Friday 10 June 2016 by Trade opportunities

World Bank adjusts growth expectations – we suggest an inflation strategy

The World Bank forecasts economic growth every six months. This year, like every year for the past seven, they have lowered their initial forecast quite dramatically

world bank

In January, their forecast for 2016 global growth was 2.9%, and now it is just 2.4%.

They cite “sluggish growth in advanced economies, stubbornly low commodity prices, weak global trade, and diminishing capital flows” as the cause for their downgrade.  Important to note is that when the World Bank downgrades forecasts, they tend to still err on the upside, potentially due to the alignment of their budgets with their sponsoring countries’ economic growth.

This pattern of lowering forecasts during the year has been a feature of the post GFC world where the economy’s stubborn resistance to stimulate have frustrated economists.  For those of you that have attended our smart income seminars or webinars, the below chart will look familiar: it shows that the IMF, like the World Bank, has suffered from this same pattern of overestimating each year’s growth.

The World Bank’s lowered forecasts comes at the same time as a slew of well respected global equities investors, namely George Soros, Carl Icahn and Stanley Druckenmiller taking very bearish positions in global equities, investing in gold and gold miners, setting themselves up for “an exhausted equities bull market” and “economic turmoil from any unwinding of Chinese investments as the credit bubble bursts”.

Ironically, despite some of these extreme statements of risks, the raft of downgrades to the global economy in recent months has also signaled that risks are falling.  In other words, there is an increasing probability of lower growth being the new normal, and the downside risks that were clouding the outlook are dissipating.  Europe is experiencing modest growth, the US is maintaining its “good but not great” momentum, China’s consumer and services sectors are holding up despite the credit fuelled volatility in their industrial sector and Japan is at least consistently flat.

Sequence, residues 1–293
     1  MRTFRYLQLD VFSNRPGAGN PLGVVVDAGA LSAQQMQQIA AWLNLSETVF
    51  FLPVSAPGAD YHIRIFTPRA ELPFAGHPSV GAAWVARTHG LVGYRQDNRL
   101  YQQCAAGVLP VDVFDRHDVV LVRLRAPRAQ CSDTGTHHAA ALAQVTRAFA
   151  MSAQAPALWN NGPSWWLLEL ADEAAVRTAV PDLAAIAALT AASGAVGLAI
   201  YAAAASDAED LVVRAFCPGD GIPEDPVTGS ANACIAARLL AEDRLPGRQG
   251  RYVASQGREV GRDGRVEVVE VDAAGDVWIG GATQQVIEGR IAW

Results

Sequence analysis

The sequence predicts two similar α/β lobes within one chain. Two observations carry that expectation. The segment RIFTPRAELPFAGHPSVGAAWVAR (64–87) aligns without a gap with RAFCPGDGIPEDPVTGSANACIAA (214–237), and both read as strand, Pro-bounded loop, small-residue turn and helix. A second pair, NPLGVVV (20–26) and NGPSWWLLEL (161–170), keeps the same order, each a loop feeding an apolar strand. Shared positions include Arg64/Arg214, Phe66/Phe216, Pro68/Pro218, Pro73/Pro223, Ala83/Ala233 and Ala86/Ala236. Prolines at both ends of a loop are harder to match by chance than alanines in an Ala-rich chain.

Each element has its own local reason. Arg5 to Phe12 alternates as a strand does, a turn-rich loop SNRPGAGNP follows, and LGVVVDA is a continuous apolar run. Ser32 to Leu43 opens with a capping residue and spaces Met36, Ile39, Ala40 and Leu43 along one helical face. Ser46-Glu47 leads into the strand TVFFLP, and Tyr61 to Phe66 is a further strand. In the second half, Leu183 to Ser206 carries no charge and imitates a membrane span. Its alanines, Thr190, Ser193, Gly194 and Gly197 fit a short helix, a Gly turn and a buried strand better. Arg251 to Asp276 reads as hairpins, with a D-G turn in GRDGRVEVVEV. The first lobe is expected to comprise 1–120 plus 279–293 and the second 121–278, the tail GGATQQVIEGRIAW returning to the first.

Amongst the narrowing range of future forecasts is an outlook of very low inflation around the world, which has engulfed Australia now too.  Despite massive monetary stimulus that some feared would create excessive inflation, every major economy is struggling to create any meaningful inflation.

So what does that mean for bond investors?  One interesting strategy at the moment is to lengthen positions in infrastructure sector bonds, most of which have inflation linked returns. Inflation is unlikely to do anything meaningful in the next 3 to 4 years, so anyone holding nearer term infrastructure bonds, such as the Sydney Airport 2020s, could look to take advantage of any profits they have at present and trade into longer dated bonds of a similar credit risk but potentially better value.  Inflation pricing is very low right now, so any pick up in inflation that occurs after 2020 will be upside for investors. Probably more importantly, investors are locking in cashflow for a longer period than the 2020s would offer, increasing certainty of income.

For clients not wanting to lock in their cashflow that far out, look for higher yielding options with a similar timeframe, but ensure that you diversify across sectors given the relatively flat economic outlook.

Please contact your FIIG representative for further details on the Sydney Airport 2020 bond. Available to both retail and wholesale investors in minimum parcels of AUD$10,000.